Mexico volcano is spewing smoke and ash, prompting warnings and evacuations
‘El Popo,’ as locals call it, has been more or less active since 1994 but has amped up over the last week, closing airports and schools and threatening an evacuation
This isn’t the first time the Mexico volcano, Popocatépetl, has spewed ash and smoke. Still, the last week has been especially concerning as enough ash fell to close the region’s two airports and public schools over the weekend.
Around 25 million people live within a 62-mile radius of the base of the volcano, per The Associated Press. This includes parts of Mexico City, located northwest of the volcano, and a region called Puebla, to the east.
“El Popo,” as locals call it, has been more or less active since it first reawakened in 1994, reported AP. Some locals have seemingly learned to live with its temper tantrums that spew rocks, ash and fumes, while others are a bit unnerved by the building activity and its implications on crops, animals and children.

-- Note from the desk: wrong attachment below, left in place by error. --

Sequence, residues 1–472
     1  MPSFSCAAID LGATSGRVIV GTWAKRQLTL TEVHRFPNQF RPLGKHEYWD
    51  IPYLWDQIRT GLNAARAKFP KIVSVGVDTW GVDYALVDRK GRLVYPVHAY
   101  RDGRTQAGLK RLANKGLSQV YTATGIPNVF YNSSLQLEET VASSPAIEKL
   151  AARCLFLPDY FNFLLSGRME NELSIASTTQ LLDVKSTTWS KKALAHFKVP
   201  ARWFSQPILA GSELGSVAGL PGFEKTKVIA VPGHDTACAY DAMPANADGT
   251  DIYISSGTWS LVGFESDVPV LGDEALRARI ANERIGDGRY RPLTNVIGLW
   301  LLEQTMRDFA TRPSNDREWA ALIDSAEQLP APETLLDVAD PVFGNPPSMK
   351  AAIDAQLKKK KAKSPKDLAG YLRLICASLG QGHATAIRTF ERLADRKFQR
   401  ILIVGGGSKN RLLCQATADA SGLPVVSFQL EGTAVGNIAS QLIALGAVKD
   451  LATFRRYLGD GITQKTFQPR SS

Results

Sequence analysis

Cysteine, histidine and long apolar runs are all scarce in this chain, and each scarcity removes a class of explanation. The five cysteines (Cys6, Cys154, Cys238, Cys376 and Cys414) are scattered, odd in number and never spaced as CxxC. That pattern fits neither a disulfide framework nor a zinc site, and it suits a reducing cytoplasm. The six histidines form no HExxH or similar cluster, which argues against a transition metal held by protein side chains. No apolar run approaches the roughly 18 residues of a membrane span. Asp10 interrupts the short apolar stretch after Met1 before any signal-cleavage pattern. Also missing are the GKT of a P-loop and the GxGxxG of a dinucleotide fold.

“You can see (the volcano) doesn’t want to be OK anymore,” Violeta Fuentes, who lives near the base with her husband and two children, told AP.
In a three-level system, a team of scientists watching the volcano from Mexico City let residents know how safe the area is — green for good to go, yellow for an alert, or red for danger, per AP. It remains on yellow for now but has risen to phase 3, even closer to evacuation.
Mexico’s National Center of Disaster Prevention shared a video of Popocatépetl’s activity, throwing smoke and debris in the air from Monday.
Officials are encouraging residents to stay indoors as much as possible, and have closed public areas as of Monday, reported The New York Times. Evacuation drills were run and temporary shelters were put into place.